Growing an Oikos: Changing Mindsets

 

Today we start a new mini-series all about how to help you make the shift from thinking about church in terms of a series of events, towards becoming an extended family on mission – or ‘oikos’ which is the Greek word used in the New Testament for households of faith. Don’t forget you can pre-order the new 3DM book ‘Family on Mission’ now and it will arrive through your letterbox in early June.

 

A few years ago, when I was a member of our church staff team responsible for our missional communities, and before ‘oikos’ and ‘family on mission’ were often spoken about, I was deeply moved when a member of one of our communities came up to me in church one day and said that his missional community was his FAMILY.  You see without much teaching and training on our part the leaders of this community had ‘got it’. Through the challenge of ‘what is God saying to you’ and ‘what are you going to do about it’ they had, through prayer, prophetic words, revelation and action become a FAMILY on MISSION.

It hadn’t been easy for them. There were many challenges but over time they moved from just being a missional group, meeting regularly to serve and reach out to the poor and homeless, to becoming a family. The family consisted of all kinds of people.  It involved everyone. They were vulnerable, accountable, adaptable, committed, open and honest, having responsibility, and looking out for each other, being sacrificial, being there for each other often in very tragic situations. They came together regularly to eat, pray, and share resources. They had predictable patterns, leaders who they honoured, a shared vision and they were a family of about 30 people.

mc groupSo how did this happen? What changed the mindset of that group?  I believe it was their identity and the texture of the group that changed. The structure was always there but it was the way they began to operate that changed. They began to realise and understand that they had to be open to those they were reaching out to becoming  part of the family. They were no longer outside of the group. They were real friends.  Life is richer when it is shared even with those who annoy us from time to time!  They were learning to live as Jesus did; they had an identity.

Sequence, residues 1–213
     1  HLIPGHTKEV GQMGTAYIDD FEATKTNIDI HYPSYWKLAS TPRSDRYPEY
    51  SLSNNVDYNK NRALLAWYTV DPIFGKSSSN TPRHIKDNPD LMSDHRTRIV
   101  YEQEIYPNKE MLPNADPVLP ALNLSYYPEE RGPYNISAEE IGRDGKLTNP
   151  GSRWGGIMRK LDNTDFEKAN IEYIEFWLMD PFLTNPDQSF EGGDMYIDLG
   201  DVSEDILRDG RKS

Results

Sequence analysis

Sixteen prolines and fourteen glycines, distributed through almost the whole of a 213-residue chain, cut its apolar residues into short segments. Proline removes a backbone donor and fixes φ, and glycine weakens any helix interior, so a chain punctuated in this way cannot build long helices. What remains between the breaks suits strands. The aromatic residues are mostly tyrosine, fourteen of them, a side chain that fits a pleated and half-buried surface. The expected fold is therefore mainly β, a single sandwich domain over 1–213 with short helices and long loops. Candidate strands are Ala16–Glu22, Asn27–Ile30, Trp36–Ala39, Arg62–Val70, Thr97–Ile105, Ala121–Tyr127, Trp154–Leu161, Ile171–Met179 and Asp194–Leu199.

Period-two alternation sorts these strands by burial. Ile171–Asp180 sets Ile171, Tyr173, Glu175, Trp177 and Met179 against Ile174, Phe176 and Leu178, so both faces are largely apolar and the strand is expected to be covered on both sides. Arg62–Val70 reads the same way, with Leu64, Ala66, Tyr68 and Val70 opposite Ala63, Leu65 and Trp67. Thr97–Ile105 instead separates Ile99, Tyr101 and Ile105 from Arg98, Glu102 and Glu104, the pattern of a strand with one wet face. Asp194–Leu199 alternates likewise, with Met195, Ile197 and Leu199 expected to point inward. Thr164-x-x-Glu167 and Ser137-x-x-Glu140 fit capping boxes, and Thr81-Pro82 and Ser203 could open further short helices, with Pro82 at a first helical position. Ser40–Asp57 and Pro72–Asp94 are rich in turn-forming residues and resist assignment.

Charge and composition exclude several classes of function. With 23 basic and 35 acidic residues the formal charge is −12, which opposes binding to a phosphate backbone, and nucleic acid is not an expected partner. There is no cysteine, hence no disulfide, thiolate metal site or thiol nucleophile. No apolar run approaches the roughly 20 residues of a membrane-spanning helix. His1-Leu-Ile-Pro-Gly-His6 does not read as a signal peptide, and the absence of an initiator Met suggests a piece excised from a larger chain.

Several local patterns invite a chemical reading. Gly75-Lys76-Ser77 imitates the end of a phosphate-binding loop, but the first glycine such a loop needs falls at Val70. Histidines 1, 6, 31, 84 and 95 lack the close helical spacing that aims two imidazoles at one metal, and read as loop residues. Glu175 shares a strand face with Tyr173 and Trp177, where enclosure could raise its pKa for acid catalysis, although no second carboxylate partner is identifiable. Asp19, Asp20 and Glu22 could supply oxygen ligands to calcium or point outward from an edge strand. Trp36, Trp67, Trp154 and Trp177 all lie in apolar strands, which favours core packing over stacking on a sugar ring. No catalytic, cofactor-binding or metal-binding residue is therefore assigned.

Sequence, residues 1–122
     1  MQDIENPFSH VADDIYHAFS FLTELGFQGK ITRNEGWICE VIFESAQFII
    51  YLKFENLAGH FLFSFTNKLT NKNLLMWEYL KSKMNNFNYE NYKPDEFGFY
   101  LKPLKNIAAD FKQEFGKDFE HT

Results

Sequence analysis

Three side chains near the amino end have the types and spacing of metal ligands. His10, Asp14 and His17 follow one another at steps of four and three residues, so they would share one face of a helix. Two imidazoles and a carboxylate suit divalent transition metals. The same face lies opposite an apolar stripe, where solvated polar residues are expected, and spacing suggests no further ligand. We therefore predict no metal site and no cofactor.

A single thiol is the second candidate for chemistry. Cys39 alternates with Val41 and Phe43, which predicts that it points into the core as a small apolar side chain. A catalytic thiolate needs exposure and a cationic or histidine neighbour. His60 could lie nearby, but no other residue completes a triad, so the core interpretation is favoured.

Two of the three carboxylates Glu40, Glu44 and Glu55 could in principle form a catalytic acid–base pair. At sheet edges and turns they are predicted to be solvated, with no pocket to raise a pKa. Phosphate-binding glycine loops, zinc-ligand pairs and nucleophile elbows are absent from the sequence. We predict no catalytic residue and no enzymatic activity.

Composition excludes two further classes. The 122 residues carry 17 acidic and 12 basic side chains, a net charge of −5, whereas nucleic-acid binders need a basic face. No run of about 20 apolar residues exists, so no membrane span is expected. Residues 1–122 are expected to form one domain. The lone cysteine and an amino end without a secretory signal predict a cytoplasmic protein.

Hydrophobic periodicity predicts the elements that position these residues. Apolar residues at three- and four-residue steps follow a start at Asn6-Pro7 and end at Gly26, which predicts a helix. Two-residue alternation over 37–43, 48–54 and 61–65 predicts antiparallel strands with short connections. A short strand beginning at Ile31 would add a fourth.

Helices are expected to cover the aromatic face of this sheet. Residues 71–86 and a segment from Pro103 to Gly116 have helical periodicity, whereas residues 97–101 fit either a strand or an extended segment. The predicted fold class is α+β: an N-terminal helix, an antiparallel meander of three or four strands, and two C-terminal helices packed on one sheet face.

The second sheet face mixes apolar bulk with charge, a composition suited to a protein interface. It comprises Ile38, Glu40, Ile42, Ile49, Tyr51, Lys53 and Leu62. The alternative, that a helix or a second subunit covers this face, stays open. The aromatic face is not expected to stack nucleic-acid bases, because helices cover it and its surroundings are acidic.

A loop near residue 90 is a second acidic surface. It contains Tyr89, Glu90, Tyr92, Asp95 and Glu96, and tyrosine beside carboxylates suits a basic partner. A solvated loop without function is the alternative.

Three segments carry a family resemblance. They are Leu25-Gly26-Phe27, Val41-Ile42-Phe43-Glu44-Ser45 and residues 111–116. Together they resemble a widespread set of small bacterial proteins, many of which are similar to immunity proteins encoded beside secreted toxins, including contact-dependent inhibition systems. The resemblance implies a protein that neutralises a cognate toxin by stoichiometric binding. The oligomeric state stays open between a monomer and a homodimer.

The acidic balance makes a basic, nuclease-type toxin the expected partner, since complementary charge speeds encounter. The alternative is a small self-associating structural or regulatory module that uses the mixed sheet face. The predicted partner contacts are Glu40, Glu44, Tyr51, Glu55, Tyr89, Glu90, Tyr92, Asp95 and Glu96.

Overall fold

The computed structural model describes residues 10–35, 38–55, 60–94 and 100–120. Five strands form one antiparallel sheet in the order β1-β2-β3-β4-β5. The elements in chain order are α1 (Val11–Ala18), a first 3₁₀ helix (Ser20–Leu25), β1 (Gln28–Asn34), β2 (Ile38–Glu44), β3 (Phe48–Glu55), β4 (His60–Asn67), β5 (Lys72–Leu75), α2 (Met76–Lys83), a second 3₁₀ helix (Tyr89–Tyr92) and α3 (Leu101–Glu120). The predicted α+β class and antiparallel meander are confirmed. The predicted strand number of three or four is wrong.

This change happened first among the original community. As they faced the challenges and fun of living out the vision God had given them they were drawn closer together and began to understand the importance of being a family. This understanding led to them recognising that those they were reaching out to were also called to be a part of this family. This in turn led on to a gradual shift in how they related to one another and to the inclusiveness that created the family. They became a ‘family on mission’ as they all sought to live out the vision.

Our identity is deeply rooted in family because the basic nature of God is family. Today the normal expression of family has been lost to us. But family in this context is not just for people with children or the perfect couple living in the suburbs but it is for people from all kinds of backgrounds coming together  single, divorced, single parents….it includes every human being.

The difference between this group, which began as a missional community being a church activity, to becoming a family, was the call on everyone who belonged to share and contribute in the family business.

Building a Family on mission is a sacrificial call, it takes time to build, but is something we are all called to participate in.

david and jenny rosser

 

Jenny Rosser lives in Durham with her husband David. They have been involved in the development and implementation of Missional Communities for the past 11 years.

 

 

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